Wind is China’s fastest growing renewable energy resource. In 2012, 13 gigawatts (GW) were added to the system, and incremental wind electricity production exceeded coal growth for the first time ever. In the same year, unused wind electricity hit record highs while wind not connected to the grid was roughly half the size of Germany’s fleet. China’s is perhaps the largest yet most inefficient wind power system in the world.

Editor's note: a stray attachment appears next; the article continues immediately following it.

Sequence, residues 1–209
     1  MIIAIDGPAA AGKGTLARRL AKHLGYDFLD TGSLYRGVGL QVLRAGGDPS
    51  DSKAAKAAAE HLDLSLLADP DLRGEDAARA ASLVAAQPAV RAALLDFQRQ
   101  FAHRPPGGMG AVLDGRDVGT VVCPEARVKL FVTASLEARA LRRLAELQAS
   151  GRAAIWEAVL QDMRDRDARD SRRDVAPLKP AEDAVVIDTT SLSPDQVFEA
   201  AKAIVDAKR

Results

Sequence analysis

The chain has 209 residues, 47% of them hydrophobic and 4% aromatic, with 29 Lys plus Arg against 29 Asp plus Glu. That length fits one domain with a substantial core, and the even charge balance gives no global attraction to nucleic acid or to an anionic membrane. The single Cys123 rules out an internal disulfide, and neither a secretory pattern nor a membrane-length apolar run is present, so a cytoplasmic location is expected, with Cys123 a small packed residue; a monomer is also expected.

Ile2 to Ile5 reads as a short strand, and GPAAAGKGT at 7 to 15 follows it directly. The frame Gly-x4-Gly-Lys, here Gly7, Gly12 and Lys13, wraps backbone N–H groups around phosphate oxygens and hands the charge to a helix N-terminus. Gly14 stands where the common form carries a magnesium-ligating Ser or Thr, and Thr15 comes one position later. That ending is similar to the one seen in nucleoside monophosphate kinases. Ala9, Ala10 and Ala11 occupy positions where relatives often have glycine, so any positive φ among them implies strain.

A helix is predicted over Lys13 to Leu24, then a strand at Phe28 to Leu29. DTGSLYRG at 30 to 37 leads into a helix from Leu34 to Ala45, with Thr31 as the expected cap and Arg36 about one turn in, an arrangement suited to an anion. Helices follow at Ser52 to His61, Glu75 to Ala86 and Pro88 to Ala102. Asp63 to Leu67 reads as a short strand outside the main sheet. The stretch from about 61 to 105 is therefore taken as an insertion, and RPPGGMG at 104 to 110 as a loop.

As a variable, diffuse and spatially segregated energy resource, wind has a number of disadvantages compared to centralized fossil stations. These unavoidable limitations are not unique to China, though they are magnified by its geography. In addition, as I outlined in a previous post, coal has uniquely shaped China’s power sector development and operation; these also play a role in limiting wind’s utilization. Eyeing ambitious 2020 renewable energy targets and beyond, policy-makers and grid operators are confronting a vexing decision: continue the status quo of rapidly expanding wind deployment while swallowing diminished capacity factors, or focus more on greater integration through targeted reforms.